Two of the “characters” in my childhood church were a couple of sisters. They were in their sixties or seventies at the time and well-respected by the rest of the congregants.
When anyone wanted a good illustration of what being faithful or serious about faith was, these two sisters were often mentioned because they were so consistently present in the life of the church. We children were told, “even when they don’t feel well they are present at worship services.”
I can’t say I would admire their tenacity today. Part of it seemed to flow from a punch-the-card, obligatory approach to piety. However, I do think the idea of habitual association with other disciples of Jesus is important. With apologies to Dave Letterman, here are my top ten reasons that attending “church” should be part of one’s disciplines.
Reason ten: You get to see your grandfather snore. My grandfather never saw a pew he couldn’t sleep on. It wasn’t because he was uninterested; he just had a hard time sitting still for that long. But it helped me as a kid to see that family, life, and foibles were components of a Christian community. We were all just folks.
Reason nine: Spudnut donuts are great Sunday evening food. My family had a tradition, and it was to invite a big gang of people over to my grandparents for Sunday night fun and those delicious hot donuts made from potato flour. Something about the donuts and the informality of the evening cemented our relationships.
Reason eight: At our church old folks encouraged young folks. “You’d make a good pastor,” I was told, before I had ever thought about what I wanted to be. There was something sweet about an old person taking an interest in the future of a child, and sometimes kids were inspired to do great things with their lives.
Reason seven: Sunday school workbooks were a big deal when I was a child. These workbooks had no graphics, interesting Internet links, or iPad apps to make them compelling. They were just page after page of Bible drills and fill in the blank. But the strategy worked. We learned interesting things about the Bible because our teachers and our parents continually taught us the things they wanted us to learn. Our parents knew that children grow up to practice what they were taught was most important.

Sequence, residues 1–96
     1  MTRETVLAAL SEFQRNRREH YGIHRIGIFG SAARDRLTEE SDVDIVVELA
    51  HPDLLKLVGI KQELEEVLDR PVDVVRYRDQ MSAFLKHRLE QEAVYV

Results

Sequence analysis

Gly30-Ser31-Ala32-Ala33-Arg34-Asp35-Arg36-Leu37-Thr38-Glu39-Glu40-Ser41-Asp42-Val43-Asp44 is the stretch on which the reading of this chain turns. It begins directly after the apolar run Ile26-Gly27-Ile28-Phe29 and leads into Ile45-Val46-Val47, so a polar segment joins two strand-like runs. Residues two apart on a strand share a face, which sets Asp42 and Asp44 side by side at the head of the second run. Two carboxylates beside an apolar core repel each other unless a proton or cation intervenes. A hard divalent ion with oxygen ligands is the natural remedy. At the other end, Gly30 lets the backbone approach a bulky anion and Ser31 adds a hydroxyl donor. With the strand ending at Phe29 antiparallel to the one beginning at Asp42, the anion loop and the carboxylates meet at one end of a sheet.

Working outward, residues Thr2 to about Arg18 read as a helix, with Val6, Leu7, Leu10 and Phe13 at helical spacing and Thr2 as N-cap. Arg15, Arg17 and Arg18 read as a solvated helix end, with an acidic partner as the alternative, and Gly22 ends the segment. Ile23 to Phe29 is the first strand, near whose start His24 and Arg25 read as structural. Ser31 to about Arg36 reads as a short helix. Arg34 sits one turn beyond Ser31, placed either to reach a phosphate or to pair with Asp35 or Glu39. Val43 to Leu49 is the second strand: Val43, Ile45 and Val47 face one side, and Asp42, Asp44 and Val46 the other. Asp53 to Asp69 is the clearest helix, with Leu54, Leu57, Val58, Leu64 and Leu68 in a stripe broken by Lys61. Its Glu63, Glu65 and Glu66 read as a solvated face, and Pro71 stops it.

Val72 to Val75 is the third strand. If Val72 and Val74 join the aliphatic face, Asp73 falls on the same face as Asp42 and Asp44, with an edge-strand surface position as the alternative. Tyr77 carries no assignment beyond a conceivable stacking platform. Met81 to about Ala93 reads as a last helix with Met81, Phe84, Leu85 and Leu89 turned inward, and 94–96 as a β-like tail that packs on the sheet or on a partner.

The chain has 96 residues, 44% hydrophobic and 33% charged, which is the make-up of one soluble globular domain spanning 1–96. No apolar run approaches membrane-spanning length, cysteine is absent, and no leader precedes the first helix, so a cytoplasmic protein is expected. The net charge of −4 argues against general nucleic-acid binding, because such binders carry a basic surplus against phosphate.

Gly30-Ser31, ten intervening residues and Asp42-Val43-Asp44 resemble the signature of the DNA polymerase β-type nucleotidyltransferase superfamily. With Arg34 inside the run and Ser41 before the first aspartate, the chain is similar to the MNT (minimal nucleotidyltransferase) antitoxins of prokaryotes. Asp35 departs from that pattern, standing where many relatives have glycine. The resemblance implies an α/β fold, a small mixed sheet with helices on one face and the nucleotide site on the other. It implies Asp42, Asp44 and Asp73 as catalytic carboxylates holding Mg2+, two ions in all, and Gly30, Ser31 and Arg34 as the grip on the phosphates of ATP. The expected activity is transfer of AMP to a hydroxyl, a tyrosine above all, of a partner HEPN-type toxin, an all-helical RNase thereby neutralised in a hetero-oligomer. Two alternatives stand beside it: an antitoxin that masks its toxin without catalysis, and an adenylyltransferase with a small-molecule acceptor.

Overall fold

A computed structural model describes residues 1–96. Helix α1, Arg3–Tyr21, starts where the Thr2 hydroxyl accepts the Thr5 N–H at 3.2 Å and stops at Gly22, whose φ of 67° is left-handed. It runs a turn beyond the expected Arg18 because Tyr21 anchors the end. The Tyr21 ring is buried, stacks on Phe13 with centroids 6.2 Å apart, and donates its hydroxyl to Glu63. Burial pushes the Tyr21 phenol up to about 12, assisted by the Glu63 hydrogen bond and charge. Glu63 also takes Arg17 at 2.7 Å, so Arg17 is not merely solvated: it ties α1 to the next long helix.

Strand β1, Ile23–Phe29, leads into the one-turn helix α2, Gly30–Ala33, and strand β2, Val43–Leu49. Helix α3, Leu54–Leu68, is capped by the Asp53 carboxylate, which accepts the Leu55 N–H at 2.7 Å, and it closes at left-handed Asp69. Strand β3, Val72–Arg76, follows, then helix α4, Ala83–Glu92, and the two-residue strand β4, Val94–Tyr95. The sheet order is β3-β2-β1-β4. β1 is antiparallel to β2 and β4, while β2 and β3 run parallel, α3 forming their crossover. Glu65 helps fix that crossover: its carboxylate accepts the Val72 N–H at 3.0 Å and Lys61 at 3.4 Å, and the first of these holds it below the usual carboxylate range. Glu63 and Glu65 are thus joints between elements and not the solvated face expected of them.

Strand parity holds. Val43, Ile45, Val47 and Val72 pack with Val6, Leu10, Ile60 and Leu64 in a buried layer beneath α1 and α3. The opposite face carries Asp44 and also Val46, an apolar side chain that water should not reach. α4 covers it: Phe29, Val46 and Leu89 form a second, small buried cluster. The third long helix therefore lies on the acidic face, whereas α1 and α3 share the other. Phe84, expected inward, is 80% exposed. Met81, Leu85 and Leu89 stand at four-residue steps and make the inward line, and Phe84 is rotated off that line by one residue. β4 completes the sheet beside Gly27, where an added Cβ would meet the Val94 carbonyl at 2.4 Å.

Reason six: At church we got to hone our speaking skills. It was not uncommon for a child to be asked to read a scripture or lead a prayer in our worship services. Those experiences gave us confidence and poise as we became more and more adept at public presentation. These skills transferred to lots of other contexts as well.
Reason five: The regularity of worship helped us develop personal discipline. Things that are not done habitually are often lost as other distractions and demands are given higher precedence. Our parents were teaching us what was important to life.
Reason four: Churches are known for their potluck socials, and individual members of churches are known for their food specialties. Potlucks are a good excuse to sit down with each other to visit. We learned that there were not many things more important than setting aside opportunities to be with friends, and food is the cement of the relationships.
Reason three: Faith communities offer good medicine to each other. That medicine comes as a delicious pie, delivered at the right time, or a cup of coffee and time for chat, or a warm hug and a word of encouragement. People often pay counselors to do what a strong community can do just as well.
Reason two: Developing the habit of attending worship makes one’s faith stronger. How? It does it by giving a place to talk about faith, to debate it and examine it. A faith community provides spiritual food and strong ideas. Being with others supplies inspiration and support available in no other place.
Reason one: Developing the habit of worshiping with others is a good way to strike a blow at the isolation of our world. The place where Satan does his best work is where we are isolated from others. Habitually worshiping with others places us in a context where we are protected from weakness, temptation, and loneliness. Skipping out on group life makes us weak.
One of the New Testament writers said that neglecting to cultivate this discipline makes one “weak and ill” in a spiritual sense. Truly.